The University of Minnesota has made the difficult decision to cut three athletics programs, citing a substantial projected revenue loss.
The Gophers’ athletic department said in a statement on the school’s website that its athletic department was facing a $75 million loss of revenue in the coming year as the reason for the cuts.
“As a result, we have determined that Athletics is no longer able to financially or equitably sustain 25 varsity programs, and pending approval of the Board of Regents, we will discontinue men's indoor track and field, men's outdoor track and field, men's gymnastics and men's tennis at the completion of their 2020-21 competition season,” the statement read. “Should health and safety precautions allow, these teams will have the opportunity to compete during the 2020-21 season.”
The school said that a number of factors figured into which programs would be cut, including
“In addition to the financial challenges and gender-equity commitments, we also considered community impact, local and national interest, competitiveness, and sport sponsorship at the Big Ten and NCAA Division I level when making this decision,” the school said.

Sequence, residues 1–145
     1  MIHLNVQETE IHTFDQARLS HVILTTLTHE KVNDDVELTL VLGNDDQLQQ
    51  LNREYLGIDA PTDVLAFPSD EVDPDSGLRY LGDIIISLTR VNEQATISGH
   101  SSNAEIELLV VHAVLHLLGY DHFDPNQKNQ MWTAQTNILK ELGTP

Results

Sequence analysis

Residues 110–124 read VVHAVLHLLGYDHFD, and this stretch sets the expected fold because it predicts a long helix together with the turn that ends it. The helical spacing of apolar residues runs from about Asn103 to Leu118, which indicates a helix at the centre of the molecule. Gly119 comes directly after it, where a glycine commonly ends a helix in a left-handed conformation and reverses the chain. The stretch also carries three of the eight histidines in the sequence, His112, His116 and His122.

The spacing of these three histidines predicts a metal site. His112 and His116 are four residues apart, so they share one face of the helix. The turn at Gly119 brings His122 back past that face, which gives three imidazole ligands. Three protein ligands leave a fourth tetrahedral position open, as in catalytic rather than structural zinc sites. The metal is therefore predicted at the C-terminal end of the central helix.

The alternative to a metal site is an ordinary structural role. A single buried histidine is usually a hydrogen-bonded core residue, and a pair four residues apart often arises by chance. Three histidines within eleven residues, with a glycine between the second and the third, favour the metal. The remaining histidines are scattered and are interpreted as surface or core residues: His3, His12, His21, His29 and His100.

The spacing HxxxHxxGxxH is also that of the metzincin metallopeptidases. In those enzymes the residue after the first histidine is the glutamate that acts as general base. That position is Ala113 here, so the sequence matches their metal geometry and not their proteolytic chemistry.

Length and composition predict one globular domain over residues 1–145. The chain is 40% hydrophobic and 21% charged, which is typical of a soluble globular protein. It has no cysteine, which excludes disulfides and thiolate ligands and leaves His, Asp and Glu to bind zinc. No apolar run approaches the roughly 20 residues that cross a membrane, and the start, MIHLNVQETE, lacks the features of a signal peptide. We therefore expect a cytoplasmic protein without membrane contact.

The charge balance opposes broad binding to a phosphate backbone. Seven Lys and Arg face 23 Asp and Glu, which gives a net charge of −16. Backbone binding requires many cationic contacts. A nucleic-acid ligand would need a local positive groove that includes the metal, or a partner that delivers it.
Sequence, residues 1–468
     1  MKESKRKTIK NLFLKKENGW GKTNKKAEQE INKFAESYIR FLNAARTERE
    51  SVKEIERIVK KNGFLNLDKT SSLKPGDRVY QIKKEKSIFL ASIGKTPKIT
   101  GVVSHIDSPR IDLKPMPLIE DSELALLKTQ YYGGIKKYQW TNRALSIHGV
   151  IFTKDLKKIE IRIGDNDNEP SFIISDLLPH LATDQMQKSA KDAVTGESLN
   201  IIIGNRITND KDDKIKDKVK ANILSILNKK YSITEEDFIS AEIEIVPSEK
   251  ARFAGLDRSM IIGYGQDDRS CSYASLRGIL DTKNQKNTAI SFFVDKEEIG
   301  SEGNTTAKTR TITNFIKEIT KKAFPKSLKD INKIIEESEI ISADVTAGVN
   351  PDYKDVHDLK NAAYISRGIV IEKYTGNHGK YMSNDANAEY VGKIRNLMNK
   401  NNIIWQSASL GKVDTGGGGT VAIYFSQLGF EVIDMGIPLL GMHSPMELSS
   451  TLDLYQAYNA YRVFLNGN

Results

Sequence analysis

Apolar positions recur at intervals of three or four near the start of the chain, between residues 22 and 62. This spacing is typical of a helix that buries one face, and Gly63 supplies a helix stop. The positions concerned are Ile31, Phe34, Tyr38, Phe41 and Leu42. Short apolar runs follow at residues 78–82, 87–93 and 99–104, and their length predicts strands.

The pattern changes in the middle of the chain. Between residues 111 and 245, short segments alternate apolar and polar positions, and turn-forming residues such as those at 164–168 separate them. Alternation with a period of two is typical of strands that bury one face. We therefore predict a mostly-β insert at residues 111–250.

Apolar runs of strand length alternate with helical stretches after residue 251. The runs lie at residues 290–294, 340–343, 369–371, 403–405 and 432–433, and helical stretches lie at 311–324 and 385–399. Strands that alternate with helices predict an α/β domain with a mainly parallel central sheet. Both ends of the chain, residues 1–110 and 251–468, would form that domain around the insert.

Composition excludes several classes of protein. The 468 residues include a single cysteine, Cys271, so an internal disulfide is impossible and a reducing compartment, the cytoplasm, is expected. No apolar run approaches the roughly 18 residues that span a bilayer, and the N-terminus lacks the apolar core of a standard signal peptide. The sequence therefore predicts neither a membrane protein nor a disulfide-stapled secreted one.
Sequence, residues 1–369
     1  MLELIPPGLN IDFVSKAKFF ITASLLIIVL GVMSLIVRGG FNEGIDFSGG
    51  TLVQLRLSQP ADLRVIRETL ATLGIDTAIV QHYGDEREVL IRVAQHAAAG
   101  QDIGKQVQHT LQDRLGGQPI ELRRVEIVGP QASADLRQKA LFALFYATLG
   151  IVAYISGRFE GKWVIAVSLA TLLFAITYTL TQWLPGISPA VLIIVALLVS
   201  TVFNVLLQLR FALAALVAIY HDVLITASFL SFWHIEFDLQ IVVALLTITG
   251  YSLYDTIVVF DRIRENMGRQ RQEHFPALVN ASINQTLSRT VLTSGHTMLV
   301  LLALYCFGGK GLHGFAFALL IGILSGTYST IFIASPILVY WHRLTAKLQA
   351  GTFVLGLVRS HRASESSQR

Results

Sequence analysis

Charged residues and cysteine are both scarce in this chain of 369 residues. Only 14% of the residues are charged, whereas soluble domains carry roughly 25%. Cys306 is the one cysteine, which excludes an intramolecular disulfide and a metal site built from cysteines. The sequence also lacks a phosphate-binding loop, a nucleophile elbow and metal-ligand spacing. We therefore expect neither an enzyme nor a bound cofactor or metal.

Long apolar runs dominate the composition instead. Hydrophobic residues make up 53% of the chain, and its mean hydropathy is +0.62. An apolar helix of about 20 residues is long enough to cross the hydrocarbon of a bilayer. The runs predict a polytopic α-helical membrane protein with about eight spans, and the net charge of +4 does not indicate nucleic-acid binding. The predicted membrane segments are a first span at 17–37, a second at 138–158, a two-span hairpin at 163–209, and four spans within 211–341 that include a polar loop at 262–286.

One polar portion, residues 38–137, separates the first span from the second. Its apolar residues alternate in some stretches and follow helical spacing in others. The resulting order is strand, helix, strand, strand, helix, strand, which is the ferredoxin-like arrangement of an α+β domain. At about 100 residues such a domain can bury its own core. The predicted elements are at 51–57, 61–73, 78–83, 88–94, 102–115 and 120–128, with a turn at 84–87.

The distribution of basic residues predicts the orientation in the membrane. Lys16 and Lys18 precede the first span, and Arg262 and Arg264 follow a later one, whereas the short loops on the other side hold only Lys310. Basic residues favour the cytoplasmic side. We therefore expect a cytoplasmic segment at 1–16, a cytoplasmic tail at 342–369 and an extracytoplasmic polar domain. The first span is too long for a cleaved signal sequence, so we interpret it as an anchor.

Student-athletes of the impacted teams will continue to have access to athletic, academic and mental health support throughout their 2020-21 competition season, and Minnesota will continue to honor all existing scholarships for individuals who choose to complete their undergraduate degree at Minnesota, while still offering them access to academic advising, sports psychology and necessary access to athletic medicine.
The school said it will also assist any student-athlete who decides to transfer and support them through the transition process.
In addition to adjusting its sport offerings Minnesota also announced a personnel cost-reduction plan for Athletics. This is in addition to the University's previously implemented furlough and pay-reduction plan, which members of the athletic department already participated in. Most academic professional and administrative employees will be subject to a 10 percent reduction in appointment, while civil service and labor represented employees will be furloughed for 17 days. These impacts will continue for the remainder of the fiscal year. Employees who make $40,000 or less will not be impacted.